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In the current climate we are doing our best to keep everyone up to date. All gigs, as we all know, are off.

However, good old YouTube has plenty to offer both old and new to help us survive whilst housebound. Plus now is a good time to stock up on your CDs.

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Today

As we all know there are no live gigs taking place in the immediate future. However, any links to jazz streaming that are deemed suitable - i.e. with a professional approach - will be considered for posting.

Wednesday, July 17, 2019

Kenny Garrett Quintet & Chris Potter Trio @ San Francisco Jazz Center- June 21

Kenny Garrett Quintet: Garrett (alto sax/flute); Vernell Brown (piano); Corcoran Holt (bass); Samuel Laviso (drums); Rudy Bird (percussion).
(Review by Dave Clarke/photo courtesy of Pam)

Prior to attending this late-June San Francisco Jazz Festival concert I had never seen either Kenny Garrett or Chris Potter in live performance and nor was I familiar with their recordings. If I hadn’t read an interview with Potter in the March issue of Jazzwise magazine my ignorance would have probably led me to think that they were an odd mix for a double bill: Garrett, with a tendency towards the funky, and Potter, a critically acclaimed ECM recording artist.

My initial reaction to leader Garrett’s shiny suit and the band’s high energy soul-jazz was “Lance, you should have sent Steve T on this gig!.”    
By the second tune though, with Garrett and Laviso embroiled in an intense and seemingly endless duo, I was glad to be there and just sorry for Steve that this time I’d got the holiday in California. The duo turned into a solo for the leader played, like the majority of the gig, with his back to the audience. Which didn’t mean we had nothing to look at. Far from it. Both Laviso at the kit and Bird the percussionist were well worth watching and the whole band were hugely impressive musicians.

At about this point Kenny Garrett’s solo had come to seem as though it was endless and I had a sudden flashback to how I first became aware of San Francisco and of America’s “alternative” culture: i.e. through the ‘50s novels of Jack Kerouac in which black jazz musicians blew endless bop choruses in underground clubs. Not, I’m sure, what Kenny Garrett had in mind but in fact he splendidly covered many stylistic bases in the concert including, in his encore, the contemporary jazz of Wayne Shorter through Wayne’s Thing. The whole band switched style immaculately.

The point where they lost me – just call me an old fart – was, in the last couple of tunes, when Garrett began urging the audience to clap and chant together. The point where jazz meets showbiz you might call it. Call and response are fine if both parties are on something like the same rhythmic level. Otherwise, leave it to the band I say.  
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Chris Potter Trio: Chris Potter (tenor sax/flute/electronics); James Francies (piano); Eric Harland (drums).

Potter had the opening slot although, status-wise, he was no ‘second-banana’.

In the Jazzwise interview, tenor star Potter reminded or informed us that the funk aesthetic had always been important to him but had been abandoned for a number of years. The trio onstage in San Francisco was brought together as an experiment for the tenorist to get back to groove-based music and the chemistry worked. The leader wrote music for the band, they recorded an album (Circuits) and took the music out on tour in the States. The UK is not so lucky. Only Southampton will be getting the Circuits Trio – in November – before they head off into Europe.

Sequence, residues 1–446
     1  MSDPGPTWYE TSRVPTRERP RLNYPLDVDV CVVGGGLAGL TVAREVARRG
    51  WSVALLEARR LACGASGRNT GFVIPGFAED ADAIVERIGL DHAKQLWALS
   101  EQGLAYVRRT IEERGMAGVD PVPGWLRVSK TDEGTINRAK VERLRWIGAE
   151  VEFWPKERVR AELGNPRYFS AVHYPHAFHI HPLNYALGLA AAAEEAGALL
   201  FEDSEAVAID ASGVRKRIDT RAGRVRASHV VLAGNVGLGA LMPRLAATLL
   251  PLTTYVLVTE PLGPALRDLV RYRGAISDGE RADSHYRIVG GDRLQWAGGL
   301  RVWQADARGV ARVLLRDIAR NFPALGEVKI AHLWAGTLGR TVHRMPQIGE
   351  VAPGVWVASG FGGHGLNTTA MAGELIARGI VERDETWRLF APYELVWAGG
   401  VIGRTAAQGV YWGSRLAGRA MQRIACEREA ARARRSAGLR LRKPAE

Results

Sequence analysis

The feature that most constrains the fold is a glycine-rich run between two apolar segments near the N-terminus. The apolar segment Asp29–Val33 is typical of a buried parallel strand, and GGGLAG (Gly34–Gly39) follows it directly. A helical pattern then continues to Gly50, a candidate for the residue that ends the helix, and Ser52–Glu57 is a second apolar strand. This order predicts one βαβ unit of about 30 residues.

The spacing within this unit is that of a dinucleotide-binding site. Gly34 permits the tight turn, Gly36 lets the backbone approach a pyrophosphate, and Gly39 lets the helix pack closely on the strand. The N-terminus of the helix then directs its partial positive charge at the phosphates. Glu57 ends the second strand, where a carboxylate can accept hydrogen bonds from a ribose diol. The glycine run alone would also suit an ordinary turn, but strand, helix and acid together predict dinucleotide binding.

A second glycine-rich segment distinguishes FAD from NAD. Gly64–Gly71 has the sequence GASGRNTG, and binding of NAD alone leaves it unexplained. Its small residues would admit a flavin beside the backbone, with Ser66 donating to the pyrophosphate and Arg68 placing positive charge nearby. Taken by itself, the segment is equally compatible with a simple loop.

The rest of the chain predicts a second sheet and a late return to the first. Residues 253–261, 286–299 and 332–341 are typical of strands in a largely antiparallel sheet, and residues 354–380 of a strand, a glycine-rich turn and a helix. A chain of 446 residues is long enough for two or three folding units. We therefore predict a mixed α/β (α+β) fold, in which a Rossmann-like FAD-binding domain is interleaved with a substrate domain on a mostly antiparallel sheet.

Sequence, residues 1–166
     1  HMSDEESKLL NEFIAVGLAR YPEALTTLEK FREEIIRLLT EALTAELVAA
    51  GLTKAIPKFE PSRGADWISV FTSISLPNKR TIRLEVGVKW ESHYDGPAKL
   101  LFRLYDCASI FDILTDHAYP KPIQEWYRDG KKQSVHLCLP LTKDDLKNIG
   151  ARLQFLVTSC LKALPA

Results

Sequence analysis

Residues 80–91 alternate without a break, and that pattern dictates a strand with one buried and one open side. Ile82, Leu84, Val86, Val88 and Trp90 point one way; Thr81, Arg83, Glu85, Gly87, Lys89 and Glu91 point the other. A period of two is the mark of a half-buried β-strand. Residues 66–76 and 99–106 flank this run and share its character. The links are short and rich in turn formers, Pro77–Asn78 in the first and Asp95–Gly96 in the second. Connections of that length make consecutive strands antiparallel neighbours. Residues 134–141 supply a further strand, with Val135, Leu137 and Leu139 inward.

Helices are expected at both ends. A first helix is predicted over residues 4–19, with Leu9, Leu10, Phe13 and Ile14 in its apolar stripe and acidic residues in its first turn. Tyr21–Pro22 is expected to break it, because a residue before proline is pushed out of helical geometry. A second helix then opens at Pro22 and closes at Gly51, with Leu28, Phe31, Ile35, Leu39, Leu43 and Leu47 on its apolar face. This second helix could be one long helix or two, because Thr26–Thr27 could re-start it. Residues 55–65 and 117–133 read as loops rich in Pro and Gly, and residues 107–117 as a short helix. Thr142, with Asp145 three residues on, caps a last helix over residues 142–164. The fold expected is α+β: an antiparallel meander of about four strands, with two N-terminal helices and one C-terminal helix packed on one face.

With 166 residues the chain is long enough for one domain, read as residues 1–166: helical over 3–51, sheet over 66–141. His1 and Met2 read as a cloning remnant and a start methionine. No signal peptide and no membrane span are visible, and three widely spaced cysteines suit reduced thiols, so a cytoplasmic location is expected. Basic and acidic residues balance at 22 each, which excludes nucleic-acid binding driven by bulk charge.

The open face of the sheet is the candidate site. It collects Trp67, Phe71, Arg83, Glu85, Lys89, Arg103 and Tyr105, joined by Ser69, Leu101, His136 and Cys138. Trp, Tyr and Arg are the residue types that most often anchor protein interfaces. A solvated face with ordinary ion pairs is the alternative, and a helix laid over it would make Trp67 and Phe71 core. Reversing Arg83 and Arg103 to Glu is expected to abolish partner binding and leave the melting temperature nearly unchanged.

The trio had time to play five tunes, all but one from their Circuits album and all, I believe, compositions by Chris Potter with whom I was enormously impressed. Most tunes began with an extensive solo by the leader featuring his highly percussive yet melodic style and his use of the whole range of his instrument.  His solo introduction over, he switched up the electronics as Eric Harland and James Francies entered the fray. Harland is a phenomenal drummer who, like Potter, operates on the whole range of his instrument – all the drums, all the cymbals, all of the time. Except on the introduction to one tune for which he played one, hand-held cymbal, Chris Potter played flute and the excellent James Francies abandoned his two keyboards in favour of the venue’s grand.  

In closing, a few words about the venue and its organiser.  The San Francisco Jazz Center is the largest non-profit presenter of jazz in the United States. Founded in 1982 by Randall Kline, as was their Jazz Festival, in 2013 they opened their custom–built venue which has a steeply raked 700 seat auditorium, useable for all-seated and for dance events and a 150 seat studio venue. The festival consists of 40 shows in 13 days and in the rest of the year around 700 shows are presented.      
                                                                                                                                        
In 2004 they established the SF Jazz Collective, a leaderless composer’s workshop of 8 musicians which tours and records. Members have included Joe Lovano, Bobby Hutcherson, Dave Douglas, Joshua Redman and others.

Every two years a small group of musicians are chosen to each develop a new work for performance at the Center. Known as Resident Artistic Directors they have included Bill Frisell, Jason Moran, Christian McBride and Vijay Iyer.  The Jazz Center also runs a large music education programme in jazz appreciation, creation and performance, both in-house and throughout the Bay Area.
Dave Clarke

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